The ceremony will be broadcast live on WOOD-TV and WGVU-TV, and streamed live on the Internet at www.fredmeijermemorial.com.
Meijer died Friday at age 91, decades after his father opened a store in Grand Rapids that eventually grew into a chain of nearly 200 in five Midwest states.
“We’ve been planning this since we got the news on Friday,” said Scarpino, who asked that the name of the church hosting the funeral not be published because the service is private. “We’re bringing in a satellite truck from Detroit and many businesses in West Michigan are providing support with cameras, lights and audio. We want to provide a quality product for all the people who are interested in seeing this.”
Scarpino said the memorial website launched on Sunday contains information about Meijer, and a place for visitors to pay tribute and share stories.
The video specialist also filmed and produced U.S. Rep. Paul B. Henry’s funeral in 1993.
Scarpino said he will have a crew of 15-20 operating cameras, lights and audio for Meijer’s funeral.
“The goal for us is to not impede or intrude upon the integrity of the service,” he said Scarpino. “We have to be very cognizant of making sure we’re behind the scenes. We’re doing it both in high-definition and standard-definition to accommodate the needs.”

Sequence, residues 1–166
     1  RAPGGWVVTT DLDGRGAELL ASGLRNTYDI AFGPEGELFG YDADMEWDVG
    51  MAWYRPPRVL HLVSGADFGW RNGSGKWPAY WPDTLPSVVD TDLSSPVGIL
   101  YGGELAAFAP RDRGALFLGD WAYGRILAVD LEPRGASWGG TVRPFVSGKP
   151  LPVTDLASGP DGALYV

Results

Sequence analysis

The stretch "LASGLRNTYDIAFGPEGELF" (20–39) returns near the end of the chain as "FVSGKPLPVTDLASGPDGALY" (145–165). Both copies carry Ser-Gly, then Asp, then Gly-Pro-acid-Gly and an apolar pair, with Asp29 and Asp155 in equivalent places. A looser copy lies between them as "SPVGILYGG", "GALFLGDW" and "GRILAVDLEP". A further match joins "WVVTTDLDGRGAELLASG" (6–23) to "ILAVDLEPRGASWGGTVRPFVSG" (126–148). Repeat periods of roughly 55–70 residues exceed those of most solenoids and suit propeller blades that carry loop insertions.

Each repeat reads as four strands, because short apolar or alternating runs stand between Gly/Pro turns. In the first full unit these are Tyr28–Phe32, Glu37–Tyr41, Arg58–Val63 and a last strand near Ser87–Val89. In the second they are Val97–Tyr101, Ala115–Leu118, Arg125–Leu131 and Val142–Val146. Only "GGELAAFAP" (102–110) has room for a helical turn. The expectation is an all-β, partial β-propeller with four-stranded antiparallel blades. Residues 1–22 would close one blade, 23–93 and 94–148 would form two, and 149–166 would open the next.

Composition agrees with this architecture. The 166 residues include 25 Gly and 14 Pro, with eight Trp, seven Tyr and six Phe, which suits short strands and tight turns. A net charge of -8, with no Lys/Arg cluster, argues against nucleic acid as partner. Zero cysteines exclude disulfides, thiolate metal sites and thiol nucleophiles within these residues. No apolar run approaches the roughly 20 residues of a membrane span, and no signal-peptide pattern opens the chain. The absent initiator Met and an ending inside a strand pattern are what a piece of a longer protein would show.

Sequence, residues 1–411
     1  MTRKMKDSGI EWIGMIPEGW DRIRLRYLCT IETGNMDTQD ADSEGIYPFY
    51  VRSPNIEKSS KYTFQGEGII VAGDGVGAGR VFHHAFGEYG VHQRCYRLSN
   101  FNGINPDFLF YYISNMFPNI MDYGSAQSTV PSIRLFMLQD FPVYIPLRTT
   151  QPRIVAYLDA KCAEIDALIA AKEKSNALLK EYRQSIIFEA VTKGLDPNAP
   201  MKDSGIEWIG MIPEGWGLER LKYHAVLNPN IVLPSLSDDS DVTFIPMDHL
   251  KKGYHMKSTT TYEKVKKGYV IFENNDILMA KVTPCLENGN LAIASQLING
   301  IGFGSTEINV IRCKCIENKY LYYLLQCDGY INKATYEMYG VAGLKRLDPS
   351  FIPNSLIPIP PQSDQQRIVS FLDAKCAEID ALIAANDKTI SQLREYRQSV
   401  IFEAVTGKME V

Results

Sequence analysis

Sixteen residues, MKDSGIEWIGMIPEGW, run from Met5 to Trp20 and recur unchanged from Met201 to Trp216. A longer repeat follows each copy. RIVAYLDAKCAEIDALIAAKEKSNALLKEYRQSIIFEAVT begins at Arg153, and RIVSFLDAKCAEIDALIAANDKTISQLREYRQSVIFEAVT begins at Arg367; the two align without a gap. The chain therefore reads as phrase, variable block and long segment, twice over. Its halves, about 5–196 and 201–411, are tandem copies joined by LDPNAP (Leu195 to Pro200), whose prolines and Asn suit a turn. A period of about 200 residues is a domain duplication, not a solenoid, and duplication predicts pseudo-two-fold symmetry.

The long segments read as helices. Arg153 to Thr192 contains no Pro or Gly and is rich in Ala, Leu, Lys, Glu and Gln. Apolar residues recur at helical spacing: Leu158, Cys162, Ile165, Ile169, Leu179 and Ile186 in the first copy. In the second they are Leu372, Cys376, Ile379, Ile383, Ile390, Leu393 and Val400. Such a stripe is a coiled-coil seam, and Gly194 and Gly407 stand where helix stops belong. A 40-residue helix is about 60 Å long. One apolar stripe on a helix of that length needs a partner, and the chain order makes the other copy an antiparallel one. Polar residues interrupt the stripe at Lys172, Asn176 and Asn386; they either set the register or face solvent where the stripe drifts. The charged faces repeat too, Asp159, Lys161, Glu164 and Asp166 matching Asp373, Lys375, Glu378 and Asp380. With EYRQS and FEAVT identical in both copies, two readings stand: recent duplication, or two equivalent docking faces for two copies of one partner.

Streaming the funeral service live on the memorial site was Scarpino’s idea.
“I brought it up at a meeting over the weekend and we put it in motion,” he said. “There are a number of folks in Europe who are close to Meijer and family in the Netherlands who aren’t going to be able to make it who will have the opportunity to see the service. Fred touched so many lives. There are so many people who would want to be a part of this who simply won’t be able to get to Grand Rapids.”
Scarpino said he last talked with Meijer on Nov. 16 when he filmed a holiday greeting from Meijer to his employees. The personal greeting was to be played for the workers in December.
“He looked great,” Scarpino said of Meijer, who died after suffering a stroke. “He was very sharp, full of energy, full of life, engaging and very talkative. He wished me and my family ‘Merry Christmas and happy holidays.’”
Scarpino, who has worked for the Meijer Inc. marketing department since 1999, grew emotional when talking about his former boss. His voice broke as he recalled Meijer’s generous spirit.
“The kindness that seemed to surround him was not something you see every day,” Scarpino said. “He just really moved people. I get choked up talking about him and I wasn’t even related to him. He was a wonderful man who commanded the attention and respect of everyone he met. His generosity to West Michigan and the endeavors he supported was huge and can’t be overlooked, which makes his passing all the more sad because there are so few people like him.”
Scarpino said the Meijer family requested the funeral taping.
“They recognize how well thought of he was by people,” Scarpino said. “I feel very privileged to play the part that I’m playing in this to be able to share everyone’s ability to say goodbye to such a kind and wonderful man.”